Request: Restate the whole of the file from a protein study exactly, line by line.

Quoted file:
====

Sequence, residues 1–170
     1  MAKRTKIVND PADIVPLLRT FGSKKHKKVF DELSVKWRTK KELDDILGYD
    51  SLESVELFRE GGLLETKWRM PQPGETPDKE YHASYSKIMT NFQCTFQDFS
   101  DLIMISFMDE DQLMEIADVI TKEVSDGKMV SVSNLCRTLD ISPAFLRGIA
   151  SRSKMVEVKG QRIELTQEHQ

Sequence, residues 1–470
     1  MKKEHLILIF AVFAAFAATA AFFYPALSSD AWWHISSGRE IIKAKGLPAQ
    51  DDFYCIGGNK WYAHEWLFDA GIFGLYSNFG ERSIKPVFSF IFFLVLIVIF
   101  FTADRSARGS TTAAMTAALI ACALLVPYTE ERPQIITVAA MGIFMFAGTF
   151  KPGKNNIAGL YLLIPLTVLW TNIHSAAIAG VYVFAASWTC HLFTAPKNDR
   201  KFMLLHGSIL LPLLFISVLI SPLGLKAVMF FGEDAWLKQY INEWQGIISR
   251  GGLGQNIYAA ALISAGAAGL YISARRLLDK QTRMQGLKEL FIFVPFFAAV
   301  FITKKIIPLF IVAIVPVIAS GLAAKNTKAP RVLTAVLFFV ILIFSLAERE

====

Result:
Sequence, residues 1–170
     1  MAKRTKIVND PADIVPLLRT FGSKKHKKVF DELSVKWRTK KELDDILGYD
    51  SLESVELFRE GGLLETKWRM PQPGETPDKE YHASYSKIMT NFQCTFQDFS
   101  DLIMISFMDE DQLMEIADVI TKEVSDGKMV SVSNLCRTLD ISPAFLRGIA
   151  SRSKMVEVKG QRIELTQEHQ

Sequence, residues 1–470
     1  MKKEHLILIF AVFAAFAATA AFFYPALSSD AWWHISSGRE IIKAKGLPAQ
    51  DDFYCIGGNK WYAHEWLFDA GIFGLYSNFG ERSIKPVFSF IFFLVLIVIF
   101  FTADRSARGS TTAAMTAALI ACALLVPYTE ERPQIITVAA MGIFMFAGTF
   151  KPGKNNIAGL YLLIPLTVLW TNIHSAAIAG VYVFAASWTC HLFTAPKNDR
   201  KFMLLHGSIL LPLLFISVLI SPLGLKAVMF FGEDAWLKQY INEWQGIISR
   251  GGLGQNIYAA ALISAGAAGL YISARRLLDK QTRMQGLKEL FIFVPFFAAV
   301  FITKKIIPLF IVAIVPVIAS GLAAKNTKAP RVLTAVLFFV ILIFSLAERE